- Luxating patella - this is when a dog’s kneecap moves out of where it should normally be
- Hip Dysplasia - a condition where the thigh bone and pelvis do not sit together properly at the hip joint
- Allergies - when the immune system overreacts to an allergen and usually results in skin irritation
- Progressive Retinal Atrophy - over time the back of the eye becomes damaged which can reduce your dog’s vision, eventually leading to blindness
- Glaucoma - the pressure of the eye becomes too high which can damage the eye
- Cataracts - this common condition leads to clouding of the lens of the eye, which can lead to blindness
Always make sure to have your dog insured, so you don’t get caught out with any unexpected vet bills.
Our vet top tip
Get cockapoos used to grooming at a young age, even if you just start with a soft brush when they’re puppies. Particularly those with curly poodle coats, might need regular trips to the groomer, and making them see early that grooming is fun and filled with rewards is a great way to make groomer trips less stressful
BorrowMyDoggy loves Cockapoos
BorrowMyDoggy has 26,967 Cockapoo members
What do BorrowMyDoggy owners and borrowers say about their cockapoos?
Stanley's owner Aimee says:
He is lovable, playful but also highly intelligent so responds well to play time and tricks/rewarding. He loves long walks but is equally happy nestled up on the sofa.
Really pleased that we joined BorrowMyDoggy as it's opened up a whole new world for me, as I've never owned a dog! We walk Ruby a 1.5 year old Cockapoo 1-2 times a week, I'm confident enough to walk her on my own now. She is adorable and we've introduced her to our 2 grandsons, who love to help to walk her. They're gaining experience around dogs and Ruby's owner is pleased that she is getting used to children, so it's been beneficial to us all. It's been a wonderful experience and given us such pleasure, without the responsibility of owning a dog ourselves.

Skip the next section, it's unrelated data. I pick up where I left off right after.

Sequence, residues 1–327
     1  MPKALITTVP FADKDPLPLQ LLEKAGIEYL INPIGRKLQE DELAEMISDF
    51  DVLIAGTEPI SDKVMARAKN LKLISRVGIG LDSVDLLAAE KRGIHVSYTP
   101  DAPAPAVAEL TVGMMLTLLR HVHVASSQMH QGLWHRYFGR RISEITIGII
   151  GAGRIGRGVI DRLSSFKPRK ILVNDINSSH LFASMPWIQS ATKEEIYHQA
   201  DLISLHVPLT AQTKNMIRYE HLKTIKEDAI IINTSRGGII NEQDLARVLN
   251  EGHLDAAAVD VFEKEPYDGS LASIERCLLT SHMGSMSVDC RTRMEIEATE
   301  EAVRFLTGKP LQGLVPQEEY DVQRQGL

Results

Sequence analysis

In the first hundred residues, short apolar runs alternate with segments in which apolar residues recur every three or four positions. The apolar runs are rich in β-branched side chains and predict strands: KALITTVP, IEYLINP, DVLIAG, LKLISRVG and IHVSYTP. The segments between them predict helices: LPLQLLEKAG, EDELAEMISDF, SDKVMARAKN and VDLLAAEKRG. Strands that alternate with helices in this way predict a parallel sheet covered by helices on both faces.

Ruby and Sandi's borrower, Christine from Brighton
I joined BorrowMyDoggy as my girls have always been desperate to have a dog but work and other commitments have meant this was not possible. It has been a really positive experience for us all as the girls love their new friend and are now desperate to get out for walks at every opportunity rather than being stuck in front of a screen. Rolo, a 3 year old Cockapoo, is a lovely dog but the biggest surprise has been how kind and generous his owner has been, allowing us to borrow him on a very regular basis. All in all, I can't recommend BorrowMyDoggy highly enough. I wish we had done it sooner.
Rolo's borrower, Julian and family from Birmingham
And what are some of our Cockapoos’ quirks?
Owner Helen on her Cockapoo, Willis:
He is very obedient apart from when a tennis ball is involved!
Owner Chloe on her Cockapoo, George:
George is very well natured but is a little mischievous, stealing soft things is his favourite game.
The most popular name for a Cockapoo on BorrowMyDoggy is Teddy.
20 most popular Cockapoo names on BorrowMyDoggy
BorrowMyDoggy member, Mary, joined with her adorable Cockapoo, Digby and found some pawsome local pals for him:
Information on this page should never replace advice given by your veterinarian. Potential health issues presented are given as a guide only and are not meant to be comprehensive. If you ever have any concerns about your dog’s health contact your local vet.